Michelle Goldberg’s new book Kingdom Coming: The Rise of Christian Nationalism explores the influence of radical religious right forces on American politics and policy. In a recent interview with Onnesha Roychoudhuri, Goldberg reveals that she first became aware of a Christian world co-existing with the mainstream when she attended an Exodus conference.
One of the first pieces I did on the Christian right was on the ex-gay movement. What struck me going to the Exodus Conference was that it takes place in this whole entire parallel universe. They have their own psychologists, psychological institutions and their own version of professional medical literature. The amount of books, magazines and media, and the way it almost duplicated everything that we have in our so-called reality, is remarkable. What struck me years later when I was reporting on the Bush administration was that the parallel institutions that I had first come into contact with were replacing the mainstream institutions — especially in the federal bureaucracy.
In the interview Golberg gives examples of how this all works. She also provides a clear definition of Christian Nationalism.
Christian Nationalism is a political ideology separate from evangelicals. Evangelicals are about 30 percent of the American population. Christian Nationalism is a subset of 10-15 percent. It’s less a religion than it is an ideology about the way America should be governed. It has this whole revisionist history claiming that America was founded as a Christian nation, that the separation of church and state is a fraud perpetrated by seculars. What follows from that are ideas about Christianization of institutions in American life, and that the courts have vastly overstepped their authority in the enforcement of the separation of church and state.
John McCandlish Phillips, a former NY Times reporter and once a mentor to me for several years when I was an ex-gay in NYC, recently responded to similar charges that conservative religious ideology has infiltrated our government. In his Washington Post opinion piece he claims that we have nothing to fear from a government infused with religion, as long as it is the correct expression of Biblical Christianity. Of course he considers that to be an Evangelical Christian faith that he insists springs from our earliest male leaders. He seeks to assuage any fears about a US theocracy.
In the long journey from the matchless moment when I became “born again” and encountered the risen and living Christ, I have met hundreds of evangelicals and a good many practicing Catholics and have found them to be of reasonable temperament, often enough of impressive accomplishment, certainly not a menace to the republic, unless, of course, the very fact of faith seriously held is thought to make them just that. It is said, again and again and again, that the evangelical/Catholic right is out of accord with the history of our republic, dangerously so. What we are out of accord with is not that history but a revisionist version of it vigorously promulgated by those who want it to be seen as other than it was.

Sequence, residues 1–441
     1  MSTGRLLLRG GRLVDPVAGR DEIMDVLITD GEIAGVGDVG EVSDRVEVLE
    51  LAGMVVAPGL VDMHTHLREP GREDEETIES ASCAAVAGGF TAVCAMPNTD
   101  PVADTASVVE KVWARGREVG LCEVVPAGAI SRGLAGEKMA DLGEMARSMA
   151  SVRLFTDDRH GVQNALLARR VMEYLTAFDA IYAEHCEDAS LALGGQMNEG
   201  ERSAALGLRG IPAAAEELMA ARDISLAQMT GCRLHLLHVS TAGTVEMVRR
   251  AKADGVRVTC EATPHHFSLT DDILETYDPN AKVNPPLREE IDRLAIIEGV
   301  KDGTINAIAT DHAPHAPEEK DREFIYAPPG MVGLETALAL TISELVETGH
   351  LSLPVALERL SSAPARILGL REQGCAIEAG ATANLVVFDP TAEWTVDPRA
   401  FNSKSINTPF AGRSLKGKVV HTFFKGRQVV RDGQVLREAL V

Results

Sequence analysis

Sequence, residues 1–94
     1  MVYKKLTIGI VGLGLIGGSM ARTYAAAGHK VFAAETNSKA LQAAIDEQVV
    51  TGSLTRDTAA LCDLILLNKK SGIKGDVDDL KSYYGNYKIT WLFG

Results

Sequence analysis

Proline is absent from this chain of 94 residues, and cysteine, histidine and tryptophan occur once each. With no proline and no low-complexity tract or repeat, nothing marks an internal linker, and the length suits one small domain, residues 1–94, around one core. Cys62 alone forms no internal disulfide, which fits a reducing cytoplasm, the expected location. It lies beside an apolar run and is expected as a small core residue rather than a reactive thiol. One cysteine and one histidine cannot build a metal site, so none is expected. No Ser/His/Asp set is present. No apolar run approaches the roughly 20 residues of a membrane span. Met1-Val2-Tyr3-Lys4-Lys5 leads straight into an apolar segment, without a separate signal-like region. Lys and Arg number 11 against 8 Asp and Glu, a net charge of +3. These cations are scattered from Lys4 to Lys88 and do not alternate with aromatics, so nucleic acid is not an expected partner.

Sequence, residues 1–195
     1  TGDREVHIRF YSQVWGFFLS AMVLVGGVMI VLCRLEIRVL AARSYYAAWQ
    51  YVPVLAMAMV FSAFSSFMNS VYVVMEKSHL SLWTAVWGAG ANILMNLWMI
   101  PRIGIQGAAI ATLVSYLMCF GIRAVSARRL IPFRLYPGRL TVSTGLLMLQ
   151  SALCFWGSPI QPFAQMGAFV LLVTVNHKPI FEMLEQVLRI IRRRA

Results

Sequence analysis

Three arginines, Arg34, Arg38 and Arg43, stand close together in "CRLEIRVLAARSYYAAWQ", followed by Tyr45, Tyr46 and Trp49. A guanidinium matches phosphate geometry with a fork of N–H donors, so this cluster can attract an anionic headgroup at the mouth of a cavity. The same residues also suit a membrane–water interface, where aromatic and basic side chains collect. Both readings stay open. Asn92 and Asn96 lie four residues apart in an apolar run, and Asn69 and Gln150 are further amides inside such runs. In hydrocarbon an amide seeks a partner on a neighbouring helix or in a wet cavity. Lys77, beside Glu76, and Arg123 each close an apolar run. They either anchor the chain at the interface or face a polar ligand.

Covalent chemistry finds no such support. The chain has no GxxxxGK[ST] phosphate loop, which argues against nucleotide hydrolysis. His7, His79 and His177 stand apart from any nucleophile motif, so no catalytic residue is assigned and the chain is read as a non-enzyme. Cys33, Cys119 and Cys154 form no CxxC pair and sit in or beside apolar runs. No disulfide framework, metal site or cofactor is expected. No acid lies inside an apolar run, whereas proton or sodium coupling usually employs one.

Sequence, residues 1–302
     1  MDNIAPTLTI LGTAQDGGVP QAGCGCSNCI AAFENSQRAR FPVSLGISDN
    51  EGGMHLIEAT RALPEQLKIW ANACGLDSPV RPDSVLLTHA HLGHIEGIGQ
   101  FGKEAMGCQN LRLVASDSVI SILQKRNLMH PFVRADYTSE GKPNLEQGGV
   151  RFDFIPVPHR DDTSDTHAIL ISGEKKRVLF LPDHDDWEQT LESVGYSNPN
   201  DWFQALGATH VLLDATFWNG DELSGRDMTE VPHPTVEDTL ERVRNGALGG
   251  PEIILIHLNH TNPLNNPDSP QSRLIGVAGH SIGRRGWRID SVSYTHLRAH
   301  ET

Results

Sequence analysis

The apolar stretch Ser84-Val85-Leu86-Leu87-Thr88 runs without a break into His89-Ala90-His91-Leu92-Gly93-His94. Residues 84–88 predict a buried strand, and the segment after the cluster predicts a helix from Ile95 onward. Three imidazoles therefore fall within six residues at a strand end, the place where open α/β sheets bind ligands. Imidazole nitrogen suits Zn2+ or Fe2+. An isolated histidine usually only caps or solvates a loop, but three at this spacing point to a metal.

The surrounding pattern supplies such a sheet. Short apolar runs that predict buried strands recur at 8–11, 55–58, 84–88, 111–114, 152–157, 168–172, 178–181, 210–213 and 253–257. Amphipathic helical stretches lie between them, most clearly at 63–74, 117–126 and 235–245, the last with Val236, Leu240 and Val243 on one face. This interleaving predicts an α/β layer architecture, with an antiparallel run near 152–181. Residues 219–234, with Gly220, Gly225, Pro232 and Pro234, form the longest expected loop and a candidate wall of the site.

Phillips harkens back to what he sees as a lost era of faithful men in public service advancing the Gospel of Jesus Christ lead by the Spirit of God. I am all for individuals, leaders and ordinary citizens, exercising and expressing their faith. But so much of what Phillips considers spiritual faith is actually culture that is tied into systems of oppression. Somehow these great people of faith that Phillips mentions in his piece (founders of America’s greatest universities as well as founding fathers) systematically excluded women, people of color, Jews and non-land owners from their institutions and the political system of voting and serving.
Similarly today’s Christian nationalist political and religious leaders, (aided by national ex-gay leaders) aggressively seek to forbid the rights of gays and lesbians to marry, to adopt, to even be safe on the streets–not to mention a gross irresponsibility in addressing the environment, the economy and our own contribution to world violence and oppression.
Back in the early 1990’s when I was a member of the New Testament Missionary Fellowship sitting under the teachings of Phillips that I would have rejoiced at the prospect of a government controlled by Evangelical Christians. In fact, for years we prayed for a spiritual coup in the White House, Congress and Supreme Court.
I look at that time and those prayers and see that many were prayed in fearful superstition that if we did not appease the angry God that pulled the strings, our whole society would devolve into a godless morass. Reacting to the terrors of postmodern theory and the liberation of politically and socially oppressed peoples, I now understand that we sought to recapture the “glory days” of the city set up on a hill. Most people though were not privileged enough to dwell on those safe hills and fotresses. Rather they were forced to labor in the kitchens, the fields and in the streets to keep the gods of this world in power.
This all reminds me of the wisdom of T.S. Eliot when reflecting on the birth of Christ he wrote,
I had seen birth and death,
But had thought they were different; this Birth was
Hard and bitter agony for us, like Death, our death,
We returned to our places, these Kingdoms,
But no longer at ease here, in the old dispensation,
With an alien people clutching their gods.
Time for new wine in new wineskins.